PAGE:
The most common model of coaching today is one where there is a coach and a coachee; two different individuals with differing roles within the coaching interaction. A quick Google search of the phrase ‘executive coaching’ produced over 1,700,000 links so it is safe to say that coaching using this model, is alive and well. People find value in this model and want to do more of it in their organizations but the cost quickly becomes prohibitive. The typical next idea is to use the same model but add more coachee’s and do group coaching. A Google search of the term ‘group coaching’ produced 648,000 links. It seems it’s not so popular. Part of the reason we have found that it is not so popular is that the thinking behind one to one coaching, whether in person or distance, is applied to a group and it doesn’t work nearly as well.
We have worked successfully with a different design that overcomes some of the problems of the current group coaching model. It has its own challenges, but what if you could do group coaching without a coach.
In order to imagine this you have to really look at what is happening in a common coaching environment and analyze it from a technical, interactive perspective, not a people perspective. Some of the components of a typical organizational coaching environment include:
- A coach with an acceptable level of legitimate expert power.
- A coachee (or coachee’s) with a need to change or enhance performance through different behaviors.
- A controlled conversational structure (primarily controlled by the coach).
- An expectation of improved performance by the coachee.
- An adequate amount of time for the process to impact the coachee’s performance.
When you look at the 5 points above, it is really only point 3 that is crucial to having an actual coach working with a group. What the coach is doing in point 3 is managing the power dynamics of the interaction, managing the flow of the conversation or interaction, bringing forward relevant points, typically from data that the coach has collected about the current performance of the coachee and moving the interaction to some point of behavior change that can be tested out by the coachee.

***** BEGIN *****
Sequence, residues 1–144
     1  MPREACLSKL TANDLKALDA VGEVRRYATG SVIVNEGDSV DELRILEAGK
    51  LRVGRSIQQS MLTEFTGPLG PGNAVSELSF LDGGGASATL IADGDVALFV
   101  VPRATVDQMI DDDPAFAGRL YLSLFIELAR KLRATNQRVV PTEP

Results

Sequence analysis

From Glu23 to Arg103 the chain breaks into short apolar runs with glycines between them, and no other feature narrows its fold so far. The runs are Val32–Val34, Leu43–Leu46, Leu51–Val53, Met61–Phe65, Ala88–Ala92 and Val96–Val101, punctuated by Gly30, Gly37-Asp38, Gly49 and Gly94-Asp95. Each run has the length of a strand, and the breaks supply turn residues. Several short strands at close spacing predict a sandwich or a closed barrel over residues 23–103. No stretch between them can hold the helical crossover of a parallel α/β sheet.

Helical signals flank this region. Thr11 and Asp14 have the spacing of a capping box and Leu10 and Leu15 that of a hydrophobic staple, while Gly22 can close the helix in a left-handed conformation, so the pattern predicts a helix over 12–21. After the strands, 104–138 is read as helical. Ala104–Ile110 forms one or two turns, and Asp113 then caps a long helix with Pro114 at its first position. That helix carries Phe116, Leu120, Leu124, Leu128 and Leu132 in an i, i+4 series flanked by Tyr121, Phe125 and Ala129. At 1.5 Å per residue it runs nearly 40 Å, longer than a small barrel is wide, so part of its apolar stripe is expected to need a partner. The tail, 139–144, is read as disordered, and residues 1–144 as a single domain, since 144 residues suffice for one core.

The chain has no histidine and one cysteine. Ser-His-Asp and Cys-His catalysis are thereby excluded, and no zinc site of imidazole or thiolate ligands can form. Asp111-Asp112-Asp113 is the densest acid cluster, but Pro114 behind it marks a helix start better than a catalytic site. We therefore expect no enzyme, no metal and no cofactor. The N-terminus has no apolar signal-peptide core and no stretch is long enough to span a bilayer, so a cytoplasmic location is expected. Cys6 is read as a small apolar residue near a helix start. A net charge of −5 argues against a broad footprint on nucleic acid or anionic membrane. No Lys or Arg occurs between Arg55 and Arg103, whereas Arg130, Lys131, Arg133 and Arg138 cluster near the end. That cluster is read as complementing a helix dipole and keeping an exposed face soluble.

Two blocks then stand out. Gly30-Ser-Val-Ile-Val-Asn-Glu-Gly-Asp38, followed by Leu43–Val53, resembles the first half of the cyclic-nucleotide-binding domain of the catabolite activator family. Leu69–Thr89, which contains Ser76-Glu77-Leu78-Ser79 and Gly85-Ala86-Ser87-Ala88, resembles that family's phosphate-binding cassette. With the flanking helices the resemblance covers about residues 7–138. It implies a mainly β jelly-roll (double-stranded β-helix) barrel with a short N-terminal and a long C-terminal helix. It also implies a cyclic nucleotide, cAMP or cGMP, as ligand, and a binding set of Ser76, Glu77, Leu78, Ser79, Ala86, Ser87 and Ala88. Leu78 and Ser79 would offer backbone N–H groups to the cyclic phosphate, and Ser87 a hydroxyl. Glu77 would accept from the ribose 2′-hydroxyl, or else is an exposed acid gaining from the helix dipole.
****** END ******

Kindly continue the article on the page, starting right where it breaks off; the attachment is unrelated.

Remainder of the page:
When we looked at this and the other 4 points above, plus accessed a lot of work and thinking about group process and organizational change we found that it was possible to replicate point 3 with an initial structure to the way a group could interact with each other that produced a similar dynamic as having a coach present but without the need for the coach to be directly involved.
The other 4 points are dealt with in the design of the coaching groups, the introduction of organizational and individual development concepts for the group to filter their discussions and the need for the group to work with real organizational challenges they face. This design then supports coaching groups that meet on a regular basis to work on real business issues and produce immediate, impactful change.
Our work as consultants is to work with an internal steering committee (critical to the success of the initiative), design and deliver the larger group learning sessions that introduce key concepts for the group to work with and meet with the steering committee on a regular basis and make adjustments to the process as needed. Our involvement typically lasts about six to eight months in total with the organization meeting with the steering committee, delivering learning sessions, following up with leadership and monitoring the initiative in conjunction with the steering committee and coaching groups. The coaching groups continue to meet long after we are no longer involved.
It is important to realize that even though this design looks very simple, it is based on considerably different thinking and concepts than what makes one to one coaching work. We have written a more extensive paper outlining this thinking and the specific details of the design. If you would like to read/download a copy of that paper, please just click here – Group Coaching
It is possible to have successful group coaching without the coach. At least how we typically define a coach in organizations right now.